At present I’m writing a book about the Portuguese exploration of the world. Vasco da Gama’s rounding of Africa in 1497 stands as a pivotal moment in world history – the start of the long process of globalization which preoccupies us so much today – but his arrival in
There is no more poignant memorial to this process than a monument left by the sailors of the Portuguese captain Diogo Cao up the River Congo at the
, a site so remote that there would be no further recorded European visitor for 300 years. Whoever came here in about 1485, sailed, or rowed 100 miles upstream from the sea along the mysterious and densely forested banks of this immensely powerful river. As they pushed their way east, the current increased in ferocity until they reached a rocky gorge, and the thunder of mighty waterfalls, a colossal torrent of water pouring out of the heart of Yellala Falls Africa. The Portuguese could sail no further. Undeterred they abandoned their ship or ships and scrambled ten miles over the rocks, in the hope of finding navigable water upstream, but the succession of rapids defeated them.
This venture is completely unrecorded in Portuguese chronicles. The only testimony is hidden on the rock wall of an overhanging cliff high above the crashing torrent, where the seamen left a carving. It shows the arms of King John II, the energetic Portuguese king who must have ordered this expedition. Next to it there is a cross and some names: ‘Here arrived the ships of the illustrious monarch Dom Joao the Second of Portugal, Diogo Cao, Pedro Anes, Pedro da Costa, Alvaro Pyris, Pero Escolar A…’
To the lower right and carved in a different hand, there is a second group of names: ‘Joao de Samtyago, Diogo Pinheiro, Goncalo Alvares + of sickness Joao Alvares…’ And in another place, just a Christian name: ‘Antam' [Antao = Anthony]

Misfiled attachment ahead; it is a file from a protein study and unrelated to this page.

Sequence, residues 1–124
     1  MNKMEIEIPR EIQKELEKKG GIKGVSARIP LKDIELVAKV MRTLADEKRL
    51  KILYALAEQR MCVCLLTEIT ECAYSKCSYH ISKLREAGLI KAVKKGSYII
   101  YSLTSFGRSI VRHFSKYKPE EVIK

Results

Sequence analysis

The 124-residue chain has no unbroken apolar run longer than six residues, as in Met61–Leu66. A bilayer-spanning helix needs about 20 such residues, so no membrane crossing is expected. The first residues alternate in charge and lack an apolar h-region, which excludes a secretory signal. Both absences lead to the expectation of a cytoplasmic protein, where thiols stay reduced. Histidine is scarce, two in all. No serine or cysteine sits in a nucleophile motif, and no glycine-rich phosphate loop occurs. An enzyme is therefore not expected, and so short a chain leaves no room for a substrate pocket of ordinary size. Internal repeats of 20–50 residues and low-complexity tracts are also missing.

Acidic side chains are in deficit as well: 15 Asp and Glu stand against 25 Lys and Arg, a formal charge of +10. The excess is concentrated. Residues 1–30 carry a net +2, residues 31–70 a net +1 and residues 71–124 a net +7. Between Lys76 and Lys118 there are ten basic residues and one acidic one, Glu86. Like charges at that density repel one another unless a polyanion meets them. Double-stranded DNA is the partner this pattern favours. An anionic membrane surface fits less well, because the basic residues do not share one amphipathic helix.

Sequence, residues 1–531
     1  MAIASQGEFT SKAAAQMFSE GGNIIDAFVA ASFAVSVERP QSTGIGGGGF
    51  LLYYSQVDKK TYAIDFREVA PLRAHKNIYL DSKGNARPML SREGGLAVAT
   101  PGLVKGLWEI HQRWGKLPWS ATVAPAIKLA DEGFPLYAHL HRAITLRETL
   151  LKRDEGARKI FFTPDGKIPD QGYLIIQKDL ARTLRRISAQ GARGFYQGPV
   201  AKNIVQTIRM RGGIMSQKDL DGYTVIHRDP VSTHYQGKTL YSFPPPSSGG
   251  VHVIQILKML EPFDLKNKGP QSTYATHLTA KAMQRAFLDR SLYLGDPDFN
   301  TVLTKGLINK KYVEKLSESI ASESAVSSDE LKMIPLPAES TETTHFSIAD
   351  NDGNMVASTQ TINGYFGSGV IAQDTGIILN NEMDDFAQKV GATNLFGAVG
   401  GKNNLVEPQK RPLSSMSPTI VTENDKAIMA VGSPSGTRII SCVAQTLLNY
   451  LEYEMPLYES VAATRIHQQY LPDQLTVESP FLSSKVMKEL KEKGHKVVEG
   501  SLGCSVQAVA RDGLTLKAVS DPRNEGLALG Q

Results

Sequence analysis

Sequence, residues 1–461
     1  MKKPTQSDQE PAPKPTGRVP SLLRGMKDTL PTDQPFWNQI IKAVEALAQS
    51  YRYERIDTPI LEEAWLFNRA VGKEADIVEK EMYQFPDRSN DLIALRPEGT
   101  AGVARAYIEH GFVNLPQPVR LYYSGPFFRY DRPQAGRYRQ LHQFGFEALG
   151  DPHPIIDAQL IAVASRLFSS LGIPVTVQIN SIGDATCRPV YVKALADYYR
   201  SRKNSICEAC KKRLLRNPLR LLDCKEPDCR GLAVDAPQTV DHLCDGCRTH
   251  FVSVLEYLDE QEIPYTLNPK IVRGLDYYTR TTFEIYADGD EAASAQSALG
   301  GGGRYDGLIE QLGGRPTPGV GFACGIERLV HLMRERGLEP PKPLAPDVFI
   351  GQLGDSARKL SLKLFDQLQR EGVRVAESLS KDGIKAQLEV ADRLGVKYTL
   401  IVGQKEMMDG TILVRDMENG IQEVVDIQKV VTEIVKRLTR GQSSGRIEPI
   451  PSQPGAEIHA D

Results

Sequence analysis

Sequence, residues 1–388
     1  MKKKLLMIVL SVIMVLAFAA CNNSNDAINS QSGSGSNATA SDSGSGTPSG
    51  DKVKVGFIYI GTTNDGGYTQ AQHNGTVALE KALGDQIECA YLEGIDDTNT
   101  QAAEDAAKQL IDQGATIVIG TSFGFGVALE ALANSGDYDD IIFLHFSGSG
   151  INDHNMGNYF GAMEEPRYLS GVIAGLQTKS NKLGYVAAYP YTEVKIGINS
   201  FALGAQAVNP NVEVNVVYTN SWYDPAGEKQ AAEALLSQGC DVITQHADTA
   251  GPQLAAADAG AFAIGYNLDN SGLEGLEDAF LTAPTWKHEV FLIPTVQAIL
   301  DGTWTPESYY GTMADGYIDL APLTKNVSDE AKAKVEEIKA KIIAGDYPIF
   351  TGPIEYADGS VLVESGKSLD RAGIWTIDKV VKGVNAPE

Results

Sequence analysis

All these inscriptions seem broken off – their circumstances as ambiguous as a last entry in the diary of a polar explorer. They give us the names of the men who commanded the ships – Diogo Cao and the others by the cross; but the commanders were probably not present. It is likely that Cao sent the expedition upriver to probe the navigability of the
and it is the men in the second group who actually made the trip. It is probable that both inscriptions were being carved at the same time; and both are incomplete, as if interrupted at the same moment. Evidently men were ill or dead – probably of malaria. There is no date. Were they too weak to continue? Were they surprised or attacked as they scratched away at the rock? No date is recorded; nor is there any other record of this probe into the heart of Congo Africa, which remained undiscovered until 1911. We know at least that some of the men must have made it back because one of them, Joao de Samtyago [ Santiago], was a pilot on a famous follow-up voyage by Bartolomeu Dias, who rounded the Cape of Good Hope for the first time in 1488.